Recently the IRS rolled out a new, voluntary worker classification settlement program. Employers will have an opportunity to reclassify their independent contractors as employees and escape a good share of tax liability and penalties that would otherwise attach to such a reclassification.
To be eligible:
- an applicant must have consistently treated the workers in the past as nonemployees;
- must have filed all required Forms 1099 for the workers for the previous three years;
- must not currently be under audit by the IRS; and
- must not currently be under audit by the Department of Labor or a state agency concerning the classification of these workers.
Employers accepted into the program will pay an amount effectively equaling just over one percent of the wages paid to the reclassified workers for the past year. No other interest or penalties will be due, and the employers will not be audited on payroll taxes related to these workers for prior years. Participating employers should note, however, that for the first three years under the program, they will be subject to a special six-year statute of limitations, rather than the usual three years that generally applies to payroll taxes.
SB 459: California Imposes New Penalties for Employee (Independent Contractor) Misclassification.
Effective January 1, 2012, this new law imposes greater civil penalties for employers who willfully misclassify their workers as independent contractors. Penalties include civil penalties ranging from $5,000 to $25,000 per violation, which could be assessed by the Labor Commissioner or, presumably, under the California Private Attorney General Act (“PAGA”).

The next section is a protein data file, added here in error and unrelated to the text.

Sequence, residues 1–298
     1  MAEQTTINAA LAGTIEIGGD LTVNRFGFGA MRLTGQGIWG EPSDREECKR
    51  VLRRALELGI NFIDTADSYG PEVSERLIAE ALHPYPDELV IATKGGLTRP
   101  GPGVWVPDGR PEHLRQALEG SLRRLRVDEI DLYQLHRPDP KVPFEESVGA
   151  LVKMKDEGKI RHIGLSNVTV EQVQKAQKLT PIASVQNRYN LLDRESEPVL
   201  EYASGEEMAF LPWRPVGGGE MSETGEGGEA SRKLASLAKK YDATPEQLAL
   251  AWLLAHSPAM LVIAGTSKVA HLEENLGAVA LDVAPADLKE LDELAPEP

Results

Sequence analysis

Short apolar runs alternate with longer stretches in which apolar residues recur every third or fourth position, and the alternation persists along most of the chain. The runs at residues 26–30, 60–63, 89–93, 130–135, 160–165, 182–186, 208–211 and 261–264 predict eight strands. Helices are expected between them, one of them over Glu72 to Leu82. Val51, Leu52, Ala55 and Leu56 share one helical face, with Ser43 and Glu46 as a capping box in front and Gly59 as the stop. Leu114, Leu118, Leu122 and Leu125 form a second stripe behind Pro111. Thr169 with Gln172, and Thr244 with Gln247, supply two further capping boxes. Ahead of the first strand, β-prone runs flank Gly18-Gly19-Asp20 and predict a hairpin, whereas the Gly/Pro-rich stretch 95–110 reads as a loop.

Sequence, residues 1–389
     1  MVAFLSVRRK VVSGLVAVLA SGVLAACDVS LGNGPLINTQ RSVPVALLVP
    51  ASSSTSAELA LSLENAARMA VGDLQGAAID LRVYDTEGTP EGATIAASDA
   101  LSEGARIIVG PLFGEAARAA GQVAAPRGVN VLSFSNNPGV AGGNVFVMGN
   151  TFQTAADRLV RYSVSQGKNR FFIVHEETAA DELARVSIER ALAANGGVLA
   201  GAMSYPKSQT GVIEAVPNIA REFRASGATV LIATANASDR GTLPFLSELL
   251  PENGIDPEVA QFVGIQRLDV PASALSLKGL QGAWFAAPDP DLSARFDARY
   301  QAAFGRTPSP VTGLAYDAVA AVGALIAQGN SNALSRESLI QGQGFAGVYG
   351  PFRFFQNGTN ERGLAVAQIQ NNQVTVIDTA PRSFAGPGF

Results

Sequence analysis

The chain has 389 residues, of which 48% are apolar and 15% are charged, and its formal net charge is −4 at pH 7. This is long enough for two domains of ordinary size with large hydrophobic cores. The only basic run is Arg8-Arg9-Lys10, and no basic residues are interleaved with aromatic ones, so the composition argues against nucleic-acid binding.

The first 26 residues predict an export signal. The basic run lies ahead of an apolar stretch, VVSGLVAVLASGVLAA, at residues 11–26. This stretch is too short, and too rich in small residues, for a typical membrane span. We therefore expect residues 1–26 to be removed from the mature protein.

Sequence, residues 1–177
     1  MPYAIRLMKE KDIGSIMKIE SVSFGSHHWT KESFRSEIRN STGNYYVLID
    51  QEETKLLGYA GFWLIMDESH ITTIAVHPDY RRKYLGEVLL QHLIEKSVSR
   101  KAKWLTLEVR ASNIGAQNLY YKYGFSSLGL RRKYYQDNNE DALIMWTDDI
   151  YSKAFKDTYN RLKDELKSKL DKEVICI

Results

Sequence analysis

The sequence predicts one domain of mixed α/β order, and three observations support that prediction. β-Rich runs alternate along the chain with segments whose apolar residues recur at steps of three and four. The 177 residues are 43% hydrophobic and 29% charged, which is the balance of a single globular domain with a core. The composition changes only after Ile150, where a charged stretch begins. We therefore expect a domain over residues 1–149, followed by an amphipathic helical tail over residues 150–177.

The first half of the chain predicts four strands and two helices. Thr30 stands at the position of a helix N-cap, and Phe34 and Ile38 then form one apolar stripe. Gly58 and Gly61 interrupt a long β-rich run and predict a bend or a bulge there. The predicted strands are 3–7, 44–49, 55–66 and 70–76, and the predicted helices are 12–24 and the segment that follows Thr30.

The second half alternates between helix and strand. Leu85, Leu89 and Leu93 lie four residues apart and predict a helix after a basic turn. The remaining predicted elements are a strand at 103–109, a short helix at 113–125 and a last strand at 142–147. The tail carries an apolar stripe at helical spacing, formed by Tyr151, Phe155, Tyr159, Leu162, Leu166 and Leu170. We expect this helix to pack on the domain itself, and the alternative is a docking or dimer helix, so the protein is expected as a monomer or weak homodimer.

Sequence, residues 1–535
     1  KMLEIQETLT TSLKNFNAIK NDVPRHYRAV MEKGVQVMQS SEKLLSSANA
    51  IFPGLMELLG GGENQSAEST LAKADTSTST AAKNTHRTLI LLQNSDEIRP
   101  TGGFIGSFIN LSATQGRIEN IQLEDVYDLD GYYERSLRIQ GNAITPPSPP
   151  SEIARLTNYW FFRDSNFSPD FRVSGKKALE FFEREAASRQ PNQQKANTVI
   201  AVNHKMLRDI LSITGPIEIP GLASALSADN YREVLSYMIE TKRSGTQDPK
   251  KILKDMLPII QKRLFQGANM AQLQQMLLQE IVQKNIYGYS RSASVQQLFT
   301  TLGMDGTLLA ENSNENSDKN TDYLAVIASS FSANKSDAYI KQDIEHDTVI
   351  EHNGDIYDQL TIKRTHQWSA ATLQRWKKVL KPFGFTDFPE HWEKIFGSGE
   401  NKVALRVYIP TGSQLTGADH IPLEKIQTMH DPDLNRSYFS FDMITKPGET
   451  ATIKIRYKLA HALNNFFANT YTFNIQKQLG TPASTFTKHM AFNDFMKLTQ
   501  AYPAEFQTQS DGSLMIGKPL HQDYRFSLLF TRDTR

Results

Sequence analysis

Other remedies include a “Scarlet Letter provision,” requiring an employer to display on its website, or other area accessible to employees and the general public a notice that explains that the employer has been found guilty of committing a serious violation of the law by willfully misclassifying employees, along with other required information. The law also prohibits charging misclassified independent contractors fees or deductions from compensation (such as rental fees for space or equipment), if those fees and deductions would not permissible to charge an employee.
Quick Tips on How to Avoid the Stick and Get the Carrot
1) Employers should consider a timely and thorough self-audit of such classifications.
2) Identify when an independent contractor morphs into an employee or if the employer at some point overreaches and exerts a new, higher level of control over the work at issue. The employee versus independent contractor determination turns on control—how much control does the employer exercise over how the worker accomplishes his or her task?
3) Turn to the statutes for guidance: California and federal statutes, case law and regulations provide some guidance regarding such “control” and overlap in many respects. In particular, the IRS administrative guidelines, although not dispositive, provides some fairly straightforward “employee versus independent contractor” concepts.
4) In performing a self-audit of worker classifications, it is critical to obtain assistance from labor and employment counsel, human resources experts, or both.
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